The outlook for retailers in the UAE and wider Middle East is uncertain as margins come under increasing pressure amid a weak economy, according to participants at the Middle East Retail Forum yesterday.
The retail sector is being buffeted by a variety of global factors, including soft oil prices, a strong dollar making the UAE more expensive and key markets such as Russia, China and the UK facing sluggish economies.
According to the management and consulting firm Bain & Company in Dubai, data from the Saudi Central Bank showed that cash taken from ATMs across the country fell by 5 per cent in the first quarter of the year.
“Even if oil comes back to the levels we knew over the past 10 years, the profits in retail that we saw then will not [be the same] because the UAE is now a mature market,” Cyrille Fabre, a partner at Bain & Company, told the forum.
“Margins will fall because the disposable income of consumers is shrinking or flat. We also have rising inflation and we have value added tax on the horizon, which affects sentiment as much as physical sales.”
Even Majid Al Futtaim – Fashion, one of the UAE’s biggest retail kingpins, which has 135 outlets across the Mena region, has experienced its sales falling in its older branded stores as customers look for newer concepts and other brands cannibalise its once pre-eminent position.
But high mall rents are not a contributory factor to the falling sales, according to Majid Al Futtaim (Maf).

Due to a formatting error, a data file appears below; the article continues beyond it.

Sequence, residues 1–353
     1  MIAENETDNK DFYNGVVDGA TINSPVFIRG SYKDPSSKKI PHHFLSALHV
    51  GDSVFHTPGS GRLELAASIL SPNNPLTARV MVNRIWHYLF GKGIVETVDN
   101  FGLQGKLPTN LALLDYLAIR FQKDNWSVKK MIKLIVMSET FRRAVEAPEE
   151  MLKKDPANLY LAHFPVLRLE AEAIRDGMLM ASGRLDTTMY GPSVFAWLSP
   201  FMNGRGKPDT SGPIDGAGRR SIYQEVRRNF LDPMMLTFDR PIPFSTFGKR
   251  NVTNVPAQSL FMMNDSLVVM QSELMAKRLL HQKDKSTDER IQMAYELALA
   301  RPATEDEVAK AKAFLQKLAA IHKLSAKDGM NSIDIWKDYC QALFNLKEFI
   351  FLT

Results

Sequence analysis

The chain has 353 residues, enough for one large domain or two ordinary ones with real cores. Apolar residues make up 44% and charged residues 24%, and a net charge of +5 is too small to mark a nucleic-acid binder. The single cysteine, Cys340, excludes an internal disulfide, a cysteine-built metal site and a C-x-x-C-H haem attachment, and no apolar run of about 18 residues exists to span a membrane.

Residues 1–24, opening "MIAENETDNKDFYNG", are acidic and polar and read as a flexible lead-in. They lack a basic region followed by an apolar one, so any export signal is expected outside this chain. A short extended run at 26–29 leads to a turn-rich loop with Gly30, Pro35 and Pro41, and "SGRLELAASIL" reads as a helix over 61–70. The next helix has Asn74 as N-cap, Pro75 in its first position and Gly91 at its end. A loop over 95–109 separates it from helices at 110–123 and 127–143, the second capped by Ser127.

“The service of a mall is to provide footfall and if you look at our big malls we are bringing more footfall and we have retailers waiting to enter,” said Rajiv Suri, the chief executive of Maf Fashion. “Our sales are diminishing by single digits among our older brands, but growing in the newer concepts. We believe in this market and are expanding our retail portfolio where we are not present, such as shoes, sports and home furnishings.”
While Dubai’s mature retail market has a challenging year ahead, other parts of the UAE, such as Abu Dhabi, are providing an avenue of opportunity because of the room for development. Saudi Arabia is regarded equally as an untapped market that has a domestic demand with relatively high disposable income.
“While Dubai is a saturated retail market, there are other neighbouring opportunities that global retailers are now seriously looking into,” said Shamail Siddiqi, a principal at AT Kearney Middle East. “While Dubai’s demand dynamic allowed a 20 per cent to 30 per cent mark-up on its products, that is not now the case and other cities are looking more attractive. However, the investment going forward is in the hope rather than expectation of a retail surge. Retailers are scared because they don’t know whether to stick or pivot.”
Many of the forum’s bricks and mortar operators are buckling in for the long haul, but the regional online retailer Souq.com has had increasing traffic to the site, increasing numbers of third party merchants, with sales as well as like-for-like profits. It would seem the virtual space is a far happier market than the actual.
“Souq.com’s sales have increased by strong double digits,” said Ronaldo Mouchawar, its co founder and chief executive. “We have opened up new categories and opened up a new logistics centre for smaller e-commerce players, like Uber for logistics, which is another revenue stream. With regard to the retail economic climate, I can feel our customers are far more price-sensitive now and our site allows many price comparisons.”
Follow The National's Business section on Twitter